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Mortgage Reform: Let the Games Begin

US Capitol Building
US Capitol Building

As expected, the fight over the fate of Fannie Mae and Freddie Mac is now heating up on Capitol Hill.

Later today House Republicans are expected to introduce a bill from GOP Conference Chairman Jeb Hensarling that would wind down the two government sponsored entities in five years.

Hensarling and other Republicans not that the Congressional Budget Office has estimated the GSE's will cost taxpayers $389 billion over ten years.

They've already inhaled $150 billion in taxpayer dollars.

The bill, backed by House Financial Services Committee Chairman Spencer Bachus, is similar to bills introduced in 2008 and 210; the difference now of course is the new House Republican majority.

Aides familiar with the bill say it would put an end date to the GSE's conservatorship two years from the date of enactment.

It would repeal the GSE's affordable housing goals mandate, shrink their size by capping the maximum portfolio size at $700 billion and then gradually reduce to $250 billion over five years. It would also return the conforming loan limit to $417,000.

That last one is particularly important to think about as we struggle through this Spring market and try to call it a "recovery." Credit is still one of the biggest barriers to recovery today, and the private market for jumbo loans is thin at best.

CNBC Investor Guide to Spring Real Estate 2011 - See Complete Coverage
CNBC Investor Guide to Spring Real Estate 2011 - See Complete Coverage

I want to share some insight from FBR's Paul Miller:

"We expect the private market share to rise, mortgage rates to increase, and homeownership levels to decrease as the focus shifts to affordable rental housing. Overall, we believe the best-positioned companies in this debate are the large money center banks, like Bank of America (BAC – OP) and Wells Fargo (WFC – MP), while small servicers could see profit margins squeezed and lower normalized ROEs on new mortgage insurance business being written."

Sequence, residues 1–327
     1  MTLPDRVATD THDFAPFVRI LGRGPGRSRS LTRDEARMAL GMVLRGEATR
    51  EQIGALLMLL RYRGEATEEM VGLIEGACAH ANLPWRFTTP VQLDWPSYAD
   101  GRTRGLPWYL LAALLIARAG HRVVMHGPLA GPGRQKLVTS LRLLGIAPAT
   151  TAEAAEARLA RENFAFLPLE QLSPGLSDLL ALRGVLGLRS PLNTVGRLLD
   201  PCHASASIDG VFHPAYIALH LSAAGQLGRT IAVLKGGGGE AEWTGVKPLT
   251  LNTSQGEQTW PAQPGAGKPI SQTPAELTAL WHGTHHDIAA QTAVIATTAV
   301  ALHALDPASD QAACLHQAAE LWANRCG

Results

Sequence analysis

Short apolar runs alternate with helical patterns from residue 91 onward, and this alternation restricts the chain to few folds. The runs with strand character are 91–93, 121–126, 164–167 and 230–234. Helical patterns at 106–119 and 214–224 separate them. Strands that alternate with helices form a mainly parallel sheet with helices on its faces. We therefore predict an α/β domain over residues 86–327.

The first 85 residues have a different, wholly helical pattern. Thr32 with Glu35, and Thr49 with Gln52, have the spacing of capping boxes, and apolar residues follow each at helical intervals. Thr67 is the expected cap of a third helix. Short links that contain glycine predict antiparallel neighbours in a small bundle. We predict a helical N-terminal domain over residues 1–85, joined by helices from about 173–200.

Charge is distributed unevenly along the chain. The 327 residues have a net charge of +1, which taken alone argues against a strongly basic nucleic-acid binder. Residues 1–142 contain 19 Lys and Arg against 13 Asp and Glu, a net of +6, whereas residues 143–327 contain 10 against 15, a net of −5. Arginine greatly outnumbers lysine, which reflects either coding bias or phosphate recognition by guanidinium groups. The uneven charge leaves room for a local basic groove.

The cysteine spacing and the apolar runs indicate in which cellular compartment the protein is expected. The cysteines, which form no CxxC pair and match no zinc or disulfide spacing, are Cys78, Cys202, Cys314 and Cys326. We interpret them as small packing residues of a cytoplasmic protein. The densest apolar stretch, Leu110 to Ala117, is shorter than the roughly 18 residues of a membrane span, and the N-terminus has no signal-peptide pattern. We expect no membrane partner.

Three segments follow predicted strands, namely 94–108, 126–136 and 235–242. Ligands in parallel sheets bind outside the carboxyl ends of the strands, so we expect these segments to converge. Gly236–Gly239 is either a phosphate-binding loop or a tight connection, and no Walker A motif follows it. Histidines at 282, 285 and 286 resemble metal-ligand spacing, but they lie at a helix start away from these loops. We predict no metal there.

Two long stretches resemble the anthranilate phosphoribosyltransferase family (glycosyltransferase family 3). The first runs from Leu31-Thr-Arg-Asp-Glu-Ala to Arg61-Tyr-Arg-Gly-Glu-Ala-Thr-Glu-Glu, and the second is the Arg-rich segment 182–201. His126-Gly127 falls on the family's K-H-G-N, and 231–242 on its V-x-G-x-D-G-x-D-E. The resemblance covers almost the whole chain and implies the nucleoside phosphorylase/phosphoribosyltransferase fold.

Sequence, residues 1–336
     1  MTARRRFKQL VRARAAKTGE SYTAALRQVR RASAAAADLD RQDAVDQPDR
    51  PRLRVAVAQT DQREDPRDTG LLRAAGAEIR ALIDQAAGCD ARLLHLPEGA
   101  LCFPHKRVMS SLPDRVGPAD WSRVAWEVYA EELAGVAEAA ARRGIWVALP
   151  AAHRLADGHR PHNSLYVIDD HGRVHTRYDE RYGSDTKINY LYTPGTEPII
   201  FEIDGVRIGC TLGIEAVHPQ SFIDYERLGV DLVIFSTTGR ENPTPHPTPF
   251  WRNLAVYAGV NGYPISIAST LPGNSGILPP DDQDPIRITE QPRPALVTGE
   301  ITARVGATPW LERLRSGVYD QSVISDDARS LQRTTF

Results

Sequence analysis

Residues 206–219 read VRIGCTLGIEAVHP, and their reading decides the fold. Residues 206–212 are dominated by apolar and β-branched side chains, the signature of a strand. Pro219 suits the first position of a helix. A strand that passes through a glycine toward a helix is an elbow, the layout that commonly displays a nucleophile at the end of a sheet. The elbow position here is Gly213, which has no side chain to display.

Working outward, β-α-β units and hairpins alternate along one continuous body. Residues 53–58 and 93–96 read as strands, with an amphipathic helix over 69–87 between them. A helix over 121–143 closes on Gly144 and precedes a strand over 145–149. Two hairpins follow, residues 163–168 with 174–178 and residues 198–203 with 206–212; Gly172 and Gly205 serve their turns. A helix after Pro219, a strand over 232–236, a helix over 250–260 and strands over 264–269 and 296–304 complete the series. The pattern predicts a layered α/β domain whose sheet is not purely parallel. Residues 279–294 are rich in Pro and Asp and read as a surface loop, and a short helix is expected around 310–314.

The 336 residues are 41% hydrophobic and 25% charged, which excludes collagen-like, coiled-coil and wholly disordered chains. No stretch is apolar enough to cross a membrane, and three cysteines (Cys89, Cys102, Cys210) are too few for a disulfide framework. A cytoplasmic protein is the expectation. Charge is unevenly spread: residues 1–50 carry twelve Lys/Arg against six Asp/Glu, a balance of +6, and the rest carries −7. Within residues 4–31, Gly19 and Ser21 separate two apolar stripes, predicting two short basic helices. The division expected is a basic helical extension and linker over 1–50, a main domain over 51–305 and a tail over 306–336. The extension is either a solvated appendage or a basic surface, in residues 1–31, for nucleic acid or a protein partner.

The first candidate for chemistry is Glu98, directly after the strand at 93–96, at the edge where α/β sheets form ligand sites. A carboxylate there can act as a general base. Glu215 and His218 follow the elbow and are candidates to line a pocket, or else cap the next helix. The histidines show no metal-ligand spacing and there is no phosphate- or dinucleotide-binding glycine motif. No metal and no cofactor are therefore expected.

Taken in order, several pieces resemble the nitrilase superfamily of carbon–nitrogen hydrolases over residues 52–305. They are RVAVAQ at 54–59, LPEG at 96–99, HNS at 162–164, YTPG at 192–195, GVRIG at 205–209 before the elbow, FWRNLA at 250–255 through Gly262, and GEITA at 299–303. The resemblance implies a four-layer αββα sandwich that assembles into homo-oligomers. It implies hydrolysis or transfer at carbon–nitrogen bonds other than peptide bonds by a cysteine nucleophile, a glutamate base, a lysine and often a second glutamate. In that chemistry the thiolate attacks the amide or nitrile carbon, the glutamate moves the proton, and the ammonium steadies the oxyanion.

GSE reform also comes amid new regulation for risk retention in the mortgage market. The expectation is that borrowers will be required to make larger down payments for the best deals. Essentially, borrowers will shoulder more of the risk so banks don't have to.

More from Miller:

"Every player in the mortgage market will be impacted by the sweeping regulations coming their way. Both small and large banks will have their profit margins squeezed as servicing fees drop and guarantee fees rise. That said, we believe that the large money center banks that benefit from economies of scale, like Bank of America and Wells Fargo, are the best positioned to weather the regulatory and economic changes while small originators and servicers will likely find it hard to compete under the new rules."

Questions? Comments? RealtyCheck@cnbc.comAnd follow me on Twitter @Diana_Olick